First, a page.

Back in June, Boston Bruins forward Gregory Campbell made a last impression by staying on the ice despite breaking his leg while blocking a shot in the 2013 Eastern Conference finals. It should come as no surprise that teammates were delighted to see the 29-year-old take the ice with teammates for the first time since suffering that injury on Thursday, then.
“Seeing him out there today, he’s finally smiling, so it’s nice to see him and just have him in the room being himself and being part of the team and doing everything with us,” Johnny Boychuk said.
Campbell seemed confident that he’d be ready to return for training camp when asked in August, and it looks like that will indeed work out.
In case you didn’t soak it up enough during the playoffs, check out that courageous effort from Game 3 of the Bruins’ eventual sweep of the Pittsburgh Penguins in the video below:
The Los Angeles Kings and Mike Richards may be nearing a settlement in their dispute over Richards’ terminated contract, TSN’s Bob McKenzie is reporting.
You can read the report for all the details, but we’re sure curious about this part:
If a settlement is reached, there’s no word yet on what salary cap penalties the Kings would still face. There’s bound to be something, but not likely as onerous as the full value of Richards’ contract, which carries with it a cap hit of $5.75 million. If there’s a settlement, Richards would undoubtedly become a free agent though there’s no telling at this point what monies he would be entitled to from the Kings in a settlement.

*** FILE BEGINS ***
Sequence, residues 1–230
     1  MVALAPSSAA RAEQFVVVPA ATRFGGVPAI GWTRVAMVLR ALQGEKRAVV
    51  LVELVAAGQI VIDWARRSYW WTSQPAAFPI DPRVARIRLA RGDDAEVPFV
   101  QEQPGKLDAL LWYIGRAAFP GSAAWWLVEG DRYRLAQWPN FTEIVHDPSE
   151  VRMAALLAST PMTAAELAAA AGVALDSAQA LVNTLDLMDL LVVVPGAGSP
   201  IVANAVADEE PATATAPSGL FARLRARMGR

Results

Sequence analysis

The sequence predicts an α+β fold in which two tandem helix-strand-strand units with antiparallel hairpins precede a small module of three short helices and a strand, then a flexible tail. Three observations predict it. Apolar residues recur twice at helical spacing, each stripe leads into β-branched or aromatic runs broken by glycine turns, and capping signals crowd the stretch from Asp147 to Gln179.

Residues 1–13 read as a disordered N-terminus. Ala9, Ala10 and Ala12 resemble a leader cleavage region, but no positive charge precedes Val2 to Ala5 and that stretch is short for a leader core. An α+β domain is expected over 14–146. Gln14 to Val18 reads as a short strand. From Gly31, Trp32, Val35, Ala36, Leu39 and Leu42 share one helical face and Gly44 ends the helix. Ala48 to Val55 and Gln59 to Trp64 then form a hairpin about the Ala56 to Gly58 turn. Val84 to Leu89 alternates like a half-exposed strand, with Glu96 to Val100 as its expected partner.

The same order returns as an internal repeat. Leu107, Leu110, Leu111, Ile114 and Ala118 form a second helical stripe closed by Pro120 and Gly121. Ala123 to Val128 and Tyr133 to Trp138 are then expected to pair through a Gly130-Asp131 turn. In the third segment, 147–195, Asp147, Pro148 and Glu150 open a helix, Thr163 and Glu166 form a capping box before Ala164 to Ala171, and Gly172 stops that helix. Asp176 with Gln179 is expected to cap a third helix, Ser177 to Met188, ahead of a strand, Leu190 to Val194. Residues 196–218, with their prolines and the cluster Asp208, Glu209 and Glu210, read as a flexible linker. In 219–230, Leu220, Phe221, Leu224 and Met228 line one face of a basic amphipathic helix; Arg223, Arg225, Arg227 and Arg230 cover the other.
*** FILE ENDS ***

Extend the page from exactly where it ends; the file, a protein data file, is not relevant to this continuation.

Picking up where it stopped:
The issue here is precedent, and what this case could set. The NHL and NHLPA can’t allow teams to escape onerous contracts through a back door, and many are adamant that that’s what the Kings were attempting to do in Richards’ case.
The NHL wants to take an educational approach — not a punitive one — to deter its players from using illicit drugs like cocaine.
“My interest is not to go around punishing people,” Bettman told Sportsnet today.
“My interest is getting players to understand the consequences of doing something that could jeopardize this great, once-in-a-lifetime opportunity that they’ve been given, to play in the NHL.”
While some players have expressed surprise at hearing that cocaine use is growing, the anecdotal evidence of substance abuse has been very much in the news, from Jarret Stoll‘s arrest to Mike Richards’ arrest to, more recently, Zack Kassian‘s placement in the NHL/NHLPA’s treatment program.
“We don’t have the unilateral right to do things here. We need the consent of the Players’ Association,” Bettman said. “It’s not about punishment. It’s about making sure we get it to stop.”
Related: Cocaine in the NHL: A concern, but not a crisis?